[ voo-doo ]
/ ˈvu du /
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noun, plural Voo·doos.


of, pertaining to, associated with, or practicing Voodoo.
voodoo. Informal: Sometimes Offensive. characterized by deceptively simple, almost as if magical, solutions or ideas: voodoo economics.

verb (used with object), Voo·dooed, Voo·doo·ing.

to affect by Voodoo magic.



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Origin of Voodoo

An Americanism dating back to 1810–20; from Louisiana French, earlier vandoux, vandoo, from a West African source perhaps akin to Fon vodũ “spirit,” or Ewe vodu “tutelary deity, demon”

usage note for Voodoo

The history of slavery in the Caribbean brought religious practices from enslaved West Africans into contact with the Roman Catholicism in French and Spanish colonies, and resulted in distinct New World religions like Haitian Vodou and Louisiana Voodoo.
For some time, the most common name in English for these related religious traditions was Voodoo. Today the capitalized proper noun Voodoo is used only for the religion as practiced in Louisiana. The spelling Voodoo is considered offensive in naming religious practice outside of Louisiana, as in Haiti and Cuba, where the proper names are Vodou and Vodú, respectively.
However, as the widely recognized term, Voodoo was also the one appropriated by popular culture to describe a number of practices poorly understood or purposefully exoticized by those outside of the religious community. Spiritual practices involving charmed objects loosely inspired the so-called “voodoo doll,” though no such practice of stabbing an effigy with pins is attested in the practice of Voodoo or Hoodoo. In Vodou, the “zombie” is a living but soulless individual whose free will has been taken by a powerful sorcerer or bocor, not the risen dead monster depicted in films, books, and video games. Ultimately, use of the word voodoo is complicated by widespread familiarity with the appropriated, secular, pop culture mythology of the entertainment industry—a mythology that poorly represents or directly conflicts with the authentic religious and historical core of Voodoo and related spiritual traditions such as Vodun, Vodou, and Hoodoo.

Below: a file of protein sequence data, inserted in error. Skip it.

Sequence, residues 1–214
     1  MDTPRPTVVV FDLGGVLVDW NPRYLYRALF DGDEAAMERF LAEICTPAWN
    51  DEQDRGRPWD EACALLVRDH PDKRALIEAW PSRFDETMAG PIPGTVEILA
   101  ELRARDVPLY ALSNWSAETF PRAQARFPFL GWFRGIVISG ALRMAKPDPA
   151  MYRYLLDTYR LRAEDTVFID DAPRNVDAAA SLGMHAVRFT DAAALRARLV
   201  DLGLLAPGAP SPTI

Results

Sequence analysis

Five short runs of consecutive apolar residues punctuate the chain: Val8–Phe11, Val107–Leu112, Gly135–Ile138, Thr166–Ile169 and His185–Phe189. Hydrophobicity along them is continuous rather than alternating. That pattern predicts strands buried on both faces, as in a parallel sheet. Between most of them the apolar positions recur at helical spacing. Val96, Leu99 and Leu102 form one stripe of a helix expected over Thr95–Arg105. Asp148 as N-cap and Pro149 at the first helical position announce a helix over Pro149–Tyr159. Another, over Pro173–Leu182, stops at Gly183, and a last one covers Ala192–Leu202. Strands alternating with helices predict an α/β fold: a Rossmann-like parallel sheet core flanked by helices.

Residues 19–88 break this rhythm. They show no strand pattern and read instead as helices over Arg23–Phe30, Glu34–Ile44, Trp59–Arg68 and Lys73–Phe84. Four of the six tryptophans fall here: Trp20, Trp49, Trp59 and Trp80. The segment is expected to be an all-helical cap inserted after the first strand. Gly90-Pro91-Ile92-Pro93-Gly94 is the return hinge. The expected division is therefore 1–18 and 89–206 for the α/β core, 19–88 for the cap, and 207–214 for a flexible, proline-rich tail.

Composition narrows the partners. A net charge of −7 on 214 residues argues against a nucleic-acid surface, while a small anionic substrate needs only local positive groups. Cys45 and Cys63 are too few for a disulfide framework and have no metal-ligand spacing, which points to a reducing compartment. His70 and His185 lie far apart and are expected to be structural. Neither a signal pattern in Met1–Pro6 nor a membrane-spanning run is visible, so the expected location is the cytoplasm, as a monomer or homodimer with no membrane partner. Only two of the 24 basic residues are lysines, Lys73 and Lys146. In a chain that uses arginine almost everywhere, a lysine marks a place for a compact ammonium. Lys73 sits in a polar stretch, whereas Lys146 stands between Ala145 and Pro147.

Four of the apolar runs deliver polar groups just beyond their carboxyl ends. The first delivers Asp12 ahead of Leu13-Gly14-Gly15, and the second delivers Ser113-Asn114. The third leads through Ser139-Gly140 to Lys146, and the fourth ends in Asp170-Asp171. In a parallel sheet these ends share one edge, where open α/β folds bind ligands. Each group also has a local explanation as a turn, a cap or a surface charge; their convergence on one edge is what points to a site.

Dictionary.com Unabridged Based on the Random House Unabridged Dictionary, © Random House, Inc. 2021

How to use Voodoo in a sentence

British Dictionary definitions for Voodoo

/ (ˈvuːduː) /

noun plural -doos

Also called: voodooism a religious cult involving witchcraft and communication by trance with ancestors and animistic deities, common in Haiti and other Caribbean islands
a person who practises voodoo
a charm, spell, or fetish involved in voodoo worship and ritual


relating to or associated with voodoo

verb -doos, -dooing or -dooed

(tr) to affect by or as if by the power of voodoo

Derived forms of voodoo

voodooist, nounvoodooistic, adjective

Word Origin for voodoo

C19: from Louisiana French voudou, ultimately of West African origin; compare Ewe vodu guardian spirit
Collins English Dictionary - Complete & Unabridged 2012 Digital Edition © William Collins Sons & Co. Ltd. 1979, 1986 © HarperCollins Publishers 1998, 2000, 2003, 2005, 2006, 2007, 2009, 2012

Cultural definitions for Voodoo


A form of animism (see also animism) involving trances and other rituals. Communication with the dead is a principal feature of voodoo. It is most common in the nations of the Caribbean Sea, especially Haiti, where people sometimes mingle voodoo and Christian practices.

The New Dictionary of Cultural Literacy, Third Edition Copyright © 2005 by Houghton Mifflin Harcourt Publishing Company. Published by Houghton Mifflin Harcourt Publishing Company. All rights reserved.